The small business sector has become very important to monitor as regards the state of the American economy. The National Federation of Independent Business (NFIB) small business survey is the key data point.

The latest small business hiring plans index showed that a net 17% of small business owners are planning to create new jobs in the next three months in April.

This is up from 15% in March which was the lowest level since May 2020, but well down from the recent high of 32% in August 2021.

Meanwhile wage hike plans are also in a decelerating trend.

A net 21% of businesses are planning to raise wages in the next three months, down from 22% in March and a recent high of 32% in October 2022.

As for the NFIB small business optimism index, it fell from 90.1 in March to 89.0 in April, the lowest level since January 2013.

While the small business capex plans index also declined from 20% in March to a three-year low of 19% in April, down from 31% in October 2021.

Finally, the average interest rate paid on small businesses’ loans surged from 7.8% in March to 8.5% in April, the highest level since October 2007.

This writer’s recommendation is for investors to keep a close eye on the NFIB small business survey in coming months since it may well provide the best insight into growing recessionary pressures in America or the lack of them.

Banking Pressures are Easing, But Not Totally Gone…

Meanwhile a positive point is that banks are taking less money from the Fed’s new funding facility than was the case after it was initially set up in mid-March in the wake of the Silicon Valley Bank (SVB) failure.

Advances from the new Bank Term Funding Program (BTFP) totaled US$91.9bn as of 24 May, though the weekly increase in lending has declined from US$41.7bn in the week ended 22 March to US$4.9bn in the week ended 24 May.

By contrast, the Fed created the Term Auction Facility (TAF) in December 2007 to provide emergency lending for banks during the financial crisis, and the TAF balance ultimately peaked at US$493bn in March 2009.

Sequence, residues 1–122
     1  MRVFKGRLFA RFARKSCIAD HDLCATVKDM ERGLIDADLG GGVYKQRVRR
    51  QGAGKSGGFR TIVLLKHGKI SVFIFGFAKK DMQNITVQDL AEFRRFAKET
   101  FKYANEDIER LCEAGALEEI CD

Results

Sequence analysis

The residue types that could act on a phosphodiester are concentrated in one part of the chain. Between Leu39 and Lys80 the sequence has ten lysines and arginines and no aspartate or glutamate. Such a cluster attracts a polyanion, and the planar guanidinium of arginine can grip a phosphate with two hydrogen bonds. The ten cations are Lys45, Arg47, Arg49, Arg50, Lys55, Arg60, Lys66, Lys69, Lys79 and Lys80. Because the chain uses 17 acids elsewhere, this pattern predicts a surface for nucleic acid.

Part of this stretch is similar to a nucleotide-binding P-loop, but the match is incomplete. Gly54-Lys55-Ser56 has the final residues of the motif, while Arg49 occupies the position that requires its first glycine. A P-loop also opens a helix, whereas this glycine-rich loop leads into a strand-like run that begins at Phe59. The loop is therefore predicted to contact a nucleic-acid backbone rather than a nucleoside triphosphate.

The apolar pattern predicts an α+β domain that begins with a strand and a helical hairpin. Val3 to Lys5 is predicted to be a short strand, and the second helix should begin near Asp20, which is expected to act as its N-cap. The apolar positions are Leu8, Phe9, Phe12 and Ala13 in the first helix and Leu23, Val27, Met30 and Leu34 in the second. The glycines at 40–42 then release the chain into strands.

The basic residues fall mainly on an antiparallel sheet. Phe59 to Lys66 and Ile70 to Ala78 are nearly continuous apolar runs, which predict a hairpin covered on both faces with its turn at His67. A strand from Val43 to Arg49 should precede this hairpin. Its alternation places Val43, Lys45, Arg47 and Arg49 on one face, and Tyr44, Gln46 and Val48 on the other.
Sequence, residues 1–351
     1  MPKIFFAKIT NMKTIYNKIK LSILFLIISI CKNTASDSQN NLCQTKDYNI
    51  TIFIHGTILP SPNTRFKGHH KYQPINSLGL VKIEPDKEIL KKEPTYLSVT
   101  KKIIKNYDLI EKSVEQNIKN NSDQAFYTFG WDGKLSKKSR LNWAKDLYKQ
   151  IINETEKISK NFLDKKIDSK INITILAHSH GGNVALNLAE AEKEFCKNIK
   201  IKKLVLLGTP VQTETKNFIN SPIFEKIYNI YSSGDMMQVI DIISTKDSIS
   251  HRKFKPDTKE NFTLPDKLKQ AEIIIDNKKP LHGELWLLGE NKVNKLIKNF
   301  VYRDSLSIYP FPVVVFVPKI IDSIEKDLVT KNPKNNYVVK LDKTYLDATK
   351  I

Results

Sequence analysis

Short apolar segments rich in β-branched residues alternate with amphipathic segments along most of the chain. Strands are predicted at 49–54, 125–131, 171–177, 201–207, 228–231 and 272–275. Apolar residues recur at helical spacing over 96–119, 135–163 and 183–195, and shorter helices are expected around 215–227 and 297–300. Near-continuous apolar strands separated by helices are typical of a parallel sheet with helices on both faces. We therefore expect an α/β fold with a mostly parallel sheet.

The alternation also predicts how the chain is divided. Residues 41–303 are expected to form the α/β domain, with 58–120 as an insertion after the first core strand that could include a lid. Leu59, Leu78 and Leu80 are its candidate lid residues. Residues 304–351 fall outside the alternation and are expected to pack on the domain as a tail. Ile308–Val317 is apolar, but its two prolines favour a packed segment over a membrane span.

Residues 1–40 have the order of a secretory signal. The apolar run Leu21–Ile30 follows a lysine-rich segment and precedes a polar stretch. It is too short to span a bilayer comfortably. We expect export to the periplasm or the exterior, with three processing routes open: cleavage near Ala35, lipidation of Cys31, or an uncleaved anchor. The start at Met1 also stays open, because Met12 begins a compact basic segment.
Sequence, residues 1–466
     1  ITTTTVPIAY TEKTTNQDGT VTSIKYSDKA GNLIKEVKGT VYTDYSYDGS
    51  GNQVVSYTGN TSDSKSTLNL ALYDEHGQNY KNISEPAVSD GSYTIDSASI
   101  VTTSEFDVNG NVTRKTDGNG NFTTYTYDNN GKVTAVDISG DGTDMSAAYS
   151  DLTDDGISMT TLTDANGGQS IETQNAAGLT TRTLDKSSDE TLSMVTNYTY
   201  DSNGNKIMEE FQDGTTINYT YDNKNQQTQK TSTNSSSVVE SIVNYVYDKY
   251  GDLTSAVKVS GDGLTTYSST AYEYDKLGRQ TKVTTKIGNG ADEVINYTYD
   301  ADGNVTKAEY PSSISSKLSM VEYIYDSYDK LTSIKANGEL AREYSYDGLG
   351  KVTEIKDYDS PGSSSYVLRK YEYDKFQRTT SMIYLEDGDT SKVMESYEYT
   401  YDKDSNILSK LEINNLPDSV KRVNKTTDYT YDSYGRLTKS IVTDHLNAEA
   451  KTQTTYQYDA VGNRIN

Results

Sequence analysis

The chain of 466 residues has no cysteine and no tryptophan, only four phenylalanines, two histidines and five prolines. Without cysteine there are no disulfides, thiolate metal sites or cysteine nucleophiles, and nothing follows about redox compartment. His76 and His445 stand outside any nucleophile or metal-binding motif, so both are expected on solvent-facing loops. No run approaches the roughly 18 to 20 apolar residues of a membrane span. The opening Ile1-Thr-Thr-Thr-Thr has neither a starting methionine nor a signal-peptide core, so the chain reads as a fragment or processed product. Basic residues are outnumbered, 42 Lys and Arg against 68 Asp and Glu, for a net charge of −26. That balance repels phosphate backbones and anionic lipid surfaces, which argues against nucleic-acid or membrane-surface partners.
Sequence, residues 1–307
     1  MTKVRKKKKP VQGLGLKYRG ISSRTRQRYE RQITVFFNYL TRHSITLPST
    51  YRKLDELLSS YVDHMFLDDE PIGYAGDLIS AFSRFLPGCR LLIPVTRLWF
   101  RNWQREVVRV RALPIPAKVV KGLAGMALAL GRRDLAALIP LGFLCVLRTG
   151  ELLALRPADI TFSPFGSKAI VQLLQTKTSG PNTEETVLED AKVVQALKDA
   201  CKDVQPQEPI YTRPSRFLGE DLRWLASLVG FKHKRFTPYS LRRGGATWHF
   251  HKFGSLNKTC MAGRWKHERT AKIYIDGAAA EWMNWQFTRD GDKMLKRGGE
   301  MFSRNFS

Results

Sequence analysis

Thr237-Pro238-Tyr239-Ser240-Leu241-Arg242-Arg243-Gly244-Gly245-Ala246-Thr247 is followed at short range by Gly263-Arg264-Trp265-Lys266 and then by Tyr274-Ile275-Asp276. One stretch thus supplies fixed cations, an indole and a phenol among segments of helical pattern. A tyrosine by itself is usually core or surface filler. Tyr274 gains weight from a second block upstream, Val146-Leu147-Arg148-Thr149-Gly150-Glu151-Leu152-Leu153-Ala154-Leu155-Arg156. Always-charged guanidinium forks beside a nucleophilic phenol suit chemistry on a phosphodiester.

The banks also tapped US$4.22bn from the Fed’s traditional discount window lending facility as of 24 May, though down from a peak of US$152.9bn on 15 March after surging from US$4.58bn in the previous week prior to the SVB failure.

This compares with the previous peak of US$111bn reached in October 2008 during the global financial crisis.

The Fed as of 24 May has also lent US$192.6bn to the “bridge banks” established by the Federal Depository Insurance Corporation (FDIC) in March to resolve SVB and Signature Bank, though down from US$228.2bn on 3 May.

These loans are booked in the Fed balance sheets as “other credit extensions” and are fully collateralised and guaranteed by the FDIC.

As a result, the balance of the above three credit facilities peaked at US$343.7bn on 22 March and was US$288.7bn as of 24 May.

This compares with the peak combined balance of the TAF and discount window of US$560bn reached in March 2009.

Problem’s Emerging in Commercial Real Estate

If this is the state of play in the banks, this writer’s base case remains that, if there really is a recession in America as remains the base case here, then the real “surprise” factor to hit financial markets in terms of credit problems will come from the “private” area of credit as previously discussed here (When Will The Recession Start? The Answer May Surprise You, 3 May 2023).

Still, as one of the consequences of the ripple effects from SVB, there has of late been renewed focus on the downturn in commercial real estate in the US.

This is entirely understandable given the structural threat to office property represented by the work-from-home phenomenon, which seems most entrenched in America, and given that small regional banks account for 70% of domestically chartered commercial banks’ commercial real estate loans outstanding which totalled US$2.81tn as of 17 May, according to the Federal Reserve.

And it is, of course, the regional banks which have of late suffered the biggest outflow of deposits.

US small domestically chartered banks’ deposits have declined by US$221bn or 4.0% since 8 March, while large domestically chartered banks’ deposits have fallen by “only” US$91bn or 0.8% over the same period.

It should be noted that small banks are defined by the Fed as all domestically chartered commercial banks excluding the top 25 largest banks by assets.

While commercial real estate loans include construction and land development loans and loans secured by farmland, multifamily properties and nonfarm nonresidential properties.

The above deposit outflow means a seemingly inevitable tightening in regional banks’ lending standards is coming.

Still the positive point is that commercial real estate loans are usually financed long-term unlike leveraged loans which have been geared to a rising Libor.

Still US$728bn commercial and multifamily mortgages will mature this year, or 16% of such total loans, and another US$659bn next year or 15% of outstanding loans, according to the latest annual survey by the Mortgage Bankers Association released in February.

The other point is that there is a potential linkage between private equity and commercial real estate since the latter may have been used as collateral in many private equity deals.

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